4. There has been widespread concerns about the ongoing conflict in Libya as a) it threatens to disrupt oil supplies, b) increase migration to Europe and c) reduce the chances of a possible election to end rivalries between parallel administrations in east and Tripoli.

 

‘India short of 6 lakh doctors, 2 million nurses: U.S. study

  1. A report by the Centre for Disease Dynamics, Economics & Policy (CDDEP), USA, has highlighted various factors contributing to antibiotic-treatable deaths. The study was based on stakeholder interviews in Uganda, India, and Germany, and literature reviews to identify key access barriers to antibiotics in low-, middle-, and high-income countries.
  2. The study has highlighted that the mortality burden from treatable bacterial infections in low and middle income countries remains higher than deaths from antibiotic-resistant infections.
  3. The findings of the study show that there are factors in low& middle income countries that delay or prevent market entry of newly discovered antibiotics. These include a) regulatory hurdles and b) substandard health facilities. For example, out of 21 new antibiotics entering markets between 1999 and 2014, less than 5 were registered in most countries of Sub-Saharan Africa.
  4. In case of India, the study has noted that the country has a shortage of an estimated 6 lakh doctors and 2 million nurses. The lack of health practioners and staff who are properly trained in administering antibiotics is preventing patients from accessing these medicines in India.
  5. The study has further added that even when antibiotics are available, patients are often unable to afford them. The report notes that government spending in health sector in India remains low and 65% of health expenditure is out-of-pocket which drives millions to poverty each year.

 

Opposition parties to approach SC again to demand verification of 50% votes by VVPATs

  1. Recently, the opposition parties had held a meeting to discuss the issue of EVM malfunctioning that cropped up during the 1stphase of Lok Sabha elections. They have further decided to approach the Supreme Court again to demand that at least 50% of paper trails be verified with EVMs.
  2. Recently, the Supreme Court had directed the Election Commission to increase random matching of VVPAT slips with EVMs to five polling booths per assembly segment of a parliamentary constituency or Assembly consistency, from one at present.
  3. The court had observed that the move would ensure greater degree of accuracy and increase satisfaction in the election process of not just the political parties but of the entire electorate.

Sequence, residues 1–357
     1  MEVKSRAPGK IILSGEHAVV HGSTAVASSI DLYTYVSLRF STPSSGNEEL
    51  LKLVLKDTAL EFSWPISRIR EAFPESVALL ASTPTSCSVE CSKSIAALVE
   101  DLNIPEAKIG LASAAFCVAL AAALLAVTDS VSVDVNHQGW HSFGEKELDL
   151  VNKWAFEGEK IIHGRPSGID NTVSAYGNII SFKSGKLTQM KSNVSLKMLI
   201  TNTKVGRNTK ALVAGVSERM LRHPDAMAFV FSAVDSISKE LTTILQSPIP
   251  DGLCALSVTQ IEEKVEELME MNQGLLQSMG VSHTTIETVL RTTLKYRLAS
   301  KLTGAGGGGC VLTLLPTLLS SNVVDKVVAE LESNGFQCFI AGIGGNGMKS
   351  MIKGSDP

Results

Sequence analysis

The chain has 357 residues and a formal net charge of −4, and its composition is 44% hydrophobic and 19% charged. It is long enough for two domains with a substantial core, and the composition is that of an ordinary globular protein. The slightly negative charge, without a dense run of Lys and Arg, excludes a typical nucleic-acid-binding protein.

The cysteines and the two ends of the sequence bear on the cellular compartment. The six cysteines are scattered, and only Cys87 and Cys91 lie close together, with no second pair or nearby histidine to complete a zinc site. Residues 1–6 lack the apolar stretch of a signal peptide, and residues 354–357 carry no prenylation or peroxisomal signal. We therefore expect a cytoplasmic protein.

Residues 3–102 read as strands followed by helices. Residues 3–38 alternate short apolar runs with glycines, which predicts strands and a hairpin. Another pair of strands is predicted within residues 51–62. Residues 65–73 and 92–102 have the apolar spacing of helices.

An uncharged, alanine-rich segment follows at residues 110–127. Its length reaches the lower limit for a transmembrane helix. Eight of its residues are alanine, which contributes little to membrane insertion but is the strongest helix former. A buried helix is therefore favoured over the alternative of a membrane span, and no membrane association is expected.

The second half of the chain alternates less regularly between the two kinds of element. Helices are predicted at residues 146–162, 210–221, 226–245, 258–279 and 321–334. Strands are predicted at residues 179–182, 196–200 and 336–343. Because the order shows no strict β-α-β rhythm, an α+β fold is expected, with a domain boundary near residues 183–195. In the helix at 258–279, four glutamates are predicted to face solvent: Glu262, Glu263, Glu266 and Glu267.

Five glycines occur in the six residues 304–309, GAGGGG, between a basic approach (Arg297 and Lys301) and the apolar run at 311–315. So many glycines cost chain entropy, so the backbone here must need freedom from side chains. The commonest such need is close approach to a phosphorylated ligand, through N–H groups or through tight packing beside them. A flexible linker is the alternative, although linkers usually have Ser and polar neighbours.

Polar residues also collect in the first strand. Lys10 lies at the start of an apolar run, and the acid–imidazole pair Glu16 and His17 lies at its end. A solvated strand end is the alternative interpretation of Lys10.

4. Voter Verifiable Paper Audit Trail (VVPAT) is an independent system attached to an EVM that allows the voters to verify that their votes are cast as intended. It helps to detect any possible election fraud or malfunction of EVMs.

 

In a show of intent, external affairs ministry sets up Indo-Pacific wing

  1. India has set up an Indo-Pacific division in the foreign office. The new division is intended to give a coherent architecture to the Indo Pacific policy, which was articulated by the prime minister at the Shangri-La Dialogue in 2018.
  2. The division will integrate the Indian Ocean Rim Association (IORA), Asean region and the Quad to the Indo-Pacific table. The US also recently renamed its Pacific Command to the Indo-Pacific Command as it seeks to give significance to its Indo-Pacific policy.
  3. India is also planning to put greater energy to the IORA because the heart of its Indo-Pacific policy is rooted in the Indian Ocean. This will integrate the blue economy part of the Indian policy with the security part which is a trilateral security mechanism between India, Sri Lanka and the Maldives.
  4. The Indian Ocean Rim Association (IORA) is an international organisation consisting of coastal states bordering the Indian Ocean. The Association comprises 21 member states and 9 dialogue partners. The Coordinating Secretariat of IORA is located at Ebene, Mauritius.
  5. The Shangri-La Dialogue (SLD) is an intergovernmental security forum held annually by an independent think tank, the International Institute for Strategic Studies in Singapore. The Shangri-La Dialogue has evolved into a key strategic gathering of the Asia-Pacific region. It is attended by defense ministers, permanent heads of ministries and military chiefs of Asia-Pacific states.

 

C-295 plane deal in final stages

  1. India’s Ministry of Defence(MoD) has concluded negotiations to acquire 62 Airbus C295 medium transport aircraft(MTA). However, the deal needs clearance from the Defence Acquisition Council (DAC) as there is a change from earlier parameters.
  2. India is looking to buy 62 Airbus Defence and Space C295 medium transport aircraft (MTA) for the Indian Air Force (IAF) and the Indian Coast Guard (ICG) from the Tata Advanced Systems Limited(TASL).
  3. The firm is a joint venture (JV) between the Tata Group and the European aerospace giant Airbus. They will deliver 56 C295s for the IAF to replace the ageing fleet of Avro 748M transports and six for the ICG.